Ottawa Summit: The future of talent
Industry leaders share insights on how to future-proof the Canadian workforce
University COVID-19 update: visit our Coronavirus Information website for more information.
Industry leaders share insights on how to future-proof the Canadian workforceBy Stephanie Longeway University Relations
In our rapidly changing economy, corporate leaders must respond to the opportunities and challenges of the shifting nature of work. Canada and the world need creative minds who can expertly navigate disruption and leverage new technologies to ensure a prosperous economic future.
Executives from the private and public sector explored how to future-proof the Canadian workforce by attracting and retaining top talent at the Waterloo Innovation Summit in Ottawa.
“I believe our country will continue to leave a greater and greater impact on the world — and that is why we are so determined to support the development of future-proven talent through everything we do," said Feridun Hamdullahpur, president and vice-chancellor of the University of Waterloo.
Here are three insights from the Summit on preparing Canada’s future workforce and ensuring organizations have the best talent to compete in the global economy.
The needs of the workforce are changing. The next wave of talent will have to apply knowledge in contexts that we cannot even imagine today, and no industry or career pathway will be immune to change.
However, trends are beginning to emerge that we can address today. Norah McRae, associate provost of co-operative and experiential education at Waterloo, noted five major trends that are transforming the workplace and economy:
McRae explained how work-integrated learning is becoming increasingly important to prepare students for these trends and develop the skills and expertise required to succeed and lead in future businesses.
Attracting and retaining top talent is one of the biggest concerns facing leaders across many sectors. University graduates are the next generation of our workforce. Strategic organizations have realized just how valuable it can be to tap into this talent pipeline early – before they graduate.
CTO and co-founder of Faire, Marcelo Cortes, leveraged local talent to build Canada’s latest billion-dollar business. Cortes explained the importance of what he calls “experienced DNA from all over the world.” With the University of Waterloo down the road, Faire’s Kitchener-based office is just minutes away from local and international talent. In fact, Cortes estimates that around 80 per cent of Faire’s local employees are Waterloo alumni or co-op students.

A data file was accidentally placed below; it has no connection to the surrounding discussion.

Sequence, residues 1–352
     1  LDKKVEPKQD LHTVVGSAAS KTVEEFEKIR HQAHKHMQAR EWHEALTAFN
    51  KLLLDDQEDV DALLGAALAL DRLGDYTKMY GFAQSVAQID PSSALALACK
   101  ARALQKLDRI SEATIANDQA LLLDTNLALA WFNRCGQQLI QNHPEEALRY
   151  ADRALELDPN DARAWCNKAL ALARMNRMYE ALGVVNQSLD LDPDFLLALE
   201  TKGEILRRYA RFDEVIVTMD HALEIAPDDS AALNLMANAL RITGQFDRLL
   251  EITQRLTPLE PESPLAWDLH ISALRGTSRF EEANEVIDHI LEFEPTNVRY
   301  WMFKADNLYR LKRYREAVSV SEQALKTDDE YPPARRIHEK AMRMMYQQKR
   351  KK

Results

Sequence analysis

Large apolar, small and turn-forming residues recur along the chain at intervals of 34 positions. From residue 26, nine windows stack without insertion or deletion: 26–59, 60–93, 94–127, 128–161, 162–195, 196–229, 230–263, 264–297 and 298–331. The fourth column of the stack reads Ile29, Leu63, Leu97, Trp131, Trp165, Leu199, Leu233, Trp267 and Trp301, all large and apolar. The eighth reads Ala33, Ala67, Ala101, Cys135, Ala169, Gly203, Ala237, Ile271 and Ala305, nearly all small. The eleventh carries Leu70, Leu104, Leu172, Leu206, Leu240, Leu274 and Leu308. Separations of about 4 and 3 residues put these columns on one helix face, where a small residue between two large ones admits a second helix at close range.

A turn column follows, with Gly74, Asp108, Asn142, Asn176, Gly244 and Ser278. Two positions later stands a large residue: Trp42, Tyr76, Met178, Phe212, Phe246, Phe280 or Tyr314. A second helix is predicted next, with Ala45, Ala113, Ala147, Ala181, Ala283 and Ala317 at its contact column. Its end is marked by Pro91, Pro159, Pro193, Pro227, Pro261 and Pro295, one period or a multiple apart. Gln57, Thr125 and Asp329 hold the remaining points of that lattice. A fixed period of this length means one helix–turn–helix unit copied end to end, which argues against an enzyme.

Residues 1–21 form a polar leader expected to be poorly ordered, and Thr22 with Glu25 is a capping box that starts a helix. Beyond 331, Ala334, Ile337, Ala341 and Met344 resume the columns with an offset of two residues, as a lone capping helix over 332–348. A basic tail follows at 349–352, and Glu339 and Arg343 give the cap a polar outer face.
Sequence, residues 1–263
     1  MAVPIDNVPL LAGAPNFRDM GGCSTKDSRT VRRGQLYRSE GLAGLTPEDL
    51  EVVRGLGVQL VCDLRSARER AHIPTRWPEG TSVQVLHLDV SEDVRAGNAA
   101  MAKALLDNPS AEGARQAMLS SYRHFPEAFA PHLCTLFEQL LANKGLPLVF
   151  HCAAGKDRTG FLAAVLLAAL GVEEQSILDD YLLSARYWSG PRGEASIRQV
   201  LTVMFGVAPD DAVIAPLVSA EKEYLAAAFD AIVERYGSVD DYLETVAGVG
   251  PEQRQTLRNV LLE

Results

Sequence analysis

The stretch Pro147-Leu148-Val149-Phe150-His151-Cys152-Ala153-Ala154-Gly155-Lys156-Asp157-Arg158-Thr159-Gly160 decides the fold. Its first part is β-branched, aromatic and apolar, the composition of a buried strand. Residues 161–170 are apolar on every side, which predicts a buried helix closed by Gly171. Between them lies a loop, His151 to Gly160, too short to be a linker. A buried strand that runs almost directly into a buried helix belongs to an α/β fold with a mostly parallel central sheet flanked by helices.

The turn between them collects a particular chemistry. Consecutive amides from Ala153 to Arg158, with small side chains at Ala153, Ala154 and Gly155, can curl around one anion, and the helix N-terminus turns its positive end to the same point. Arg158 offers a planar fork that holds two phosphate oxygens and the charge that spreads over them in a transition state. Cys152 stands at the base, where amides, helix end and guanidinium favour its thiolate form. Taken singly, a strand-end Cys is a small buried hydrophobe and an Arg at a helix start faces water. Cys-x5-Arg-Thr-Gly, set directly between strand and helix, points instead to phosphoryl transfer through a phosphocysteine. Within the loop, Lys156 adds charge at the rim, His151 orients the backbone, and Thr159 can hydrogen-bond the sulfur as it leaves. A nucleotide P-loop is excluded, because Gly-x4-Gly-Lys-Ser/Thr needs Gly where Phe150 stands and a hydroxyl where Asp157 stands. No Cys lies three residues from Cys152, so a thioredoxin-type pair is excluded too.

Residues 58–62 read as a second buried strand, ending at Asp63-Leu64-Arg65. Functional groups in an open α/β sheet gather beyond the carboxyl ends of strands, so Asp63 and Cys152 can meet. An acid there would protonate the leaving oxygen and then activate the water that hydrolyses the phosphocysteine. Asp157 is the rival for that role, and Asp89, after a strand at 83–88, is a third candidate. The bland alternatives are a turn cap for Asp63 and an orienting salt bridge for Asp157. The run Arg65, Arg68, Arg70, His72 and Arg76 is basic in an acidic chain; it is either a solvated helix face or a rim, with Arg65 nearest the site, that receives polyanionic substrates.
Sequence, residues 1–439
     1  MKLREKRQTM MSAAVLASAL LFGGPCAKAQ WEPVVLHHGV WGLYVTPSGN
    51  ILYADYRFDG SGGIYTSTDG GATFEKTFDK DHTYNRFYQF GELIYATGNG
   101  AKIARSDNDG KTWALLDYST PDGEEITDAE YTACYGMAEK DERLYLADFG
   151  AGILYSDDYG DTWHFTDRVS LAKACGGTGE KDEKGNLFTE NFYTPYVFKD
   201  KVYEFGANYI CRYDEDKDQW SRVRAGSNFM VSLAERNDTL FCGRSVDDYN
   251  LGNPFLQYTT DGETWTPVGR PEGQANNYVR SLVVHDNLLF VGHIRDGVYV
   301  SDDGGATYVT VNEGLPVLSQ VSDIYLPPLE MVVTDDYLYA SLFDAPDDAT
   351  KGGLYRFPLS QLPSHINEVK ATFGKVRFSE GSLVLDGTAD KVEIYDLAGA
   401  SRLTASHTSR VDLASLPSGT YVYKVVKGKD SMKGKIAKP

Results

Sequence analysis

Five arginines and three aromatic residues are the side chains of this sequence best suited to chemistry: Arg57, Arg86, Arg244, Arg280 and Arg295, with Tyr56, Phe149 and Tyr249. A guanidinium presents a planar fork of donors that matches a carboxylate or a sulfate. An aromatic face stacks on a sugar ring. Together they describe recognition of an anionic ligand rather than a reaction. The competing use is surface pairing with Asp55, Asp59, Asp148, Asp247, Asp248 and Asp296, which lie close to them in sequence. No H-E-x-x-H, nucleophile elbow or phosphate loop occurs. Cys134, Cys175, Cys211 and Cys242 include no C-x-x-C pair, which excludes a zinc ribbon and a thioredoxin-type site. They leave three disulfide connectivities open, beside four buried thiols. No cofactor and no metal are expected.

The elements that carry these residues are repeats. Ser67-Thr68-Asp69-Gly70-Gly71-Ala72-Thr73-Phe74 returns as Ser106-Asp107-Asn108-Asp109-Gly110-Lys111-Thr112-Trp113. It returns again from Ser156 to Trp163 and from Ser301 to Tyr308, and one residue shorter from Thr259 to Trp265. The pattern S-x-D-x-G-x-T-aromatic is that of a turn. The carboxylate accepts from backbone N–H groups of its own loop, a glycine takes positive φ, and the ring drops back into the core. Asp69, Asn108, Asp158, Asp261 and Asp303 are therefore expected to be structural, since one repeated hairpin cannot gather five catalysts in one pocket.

Cheri Chevalier (BA '95) was a Waterloo co-op student when she began working at Microsoft more than 25 years ago. Today, she is Microsoft’s global director for emerging solutions. Chevalier sees co-op as a win-win for both students and employers. As a student, she was able to see how her skills translated in the workplace, and now as an employer, she gets a front-row seat to meet and assess potential full-time talent.
Just like Chevalier’s experience, Waterloo’s co-op program lets students try-on a career and see what work opportunities complement their skillsets. Anojan Gunasekaran, a project manager at Shopify, told executives at the Summit that he credits his Waterloo co-op experience for helping him decide what he wanted from his career. He believes that co-op gives students a sneak peek into potential employers and said, “The employee is interviewing the employer just as much as the employer is interviewing the employee.”
For Gunasekaran, his co-op placement was not just about getting a job, but also learning how to apply his skills to become effective in the workplace.
The Waterloo Innovation Summit was presented by the University of Waterloo in partnership with the Canadian Chamber of Commerce.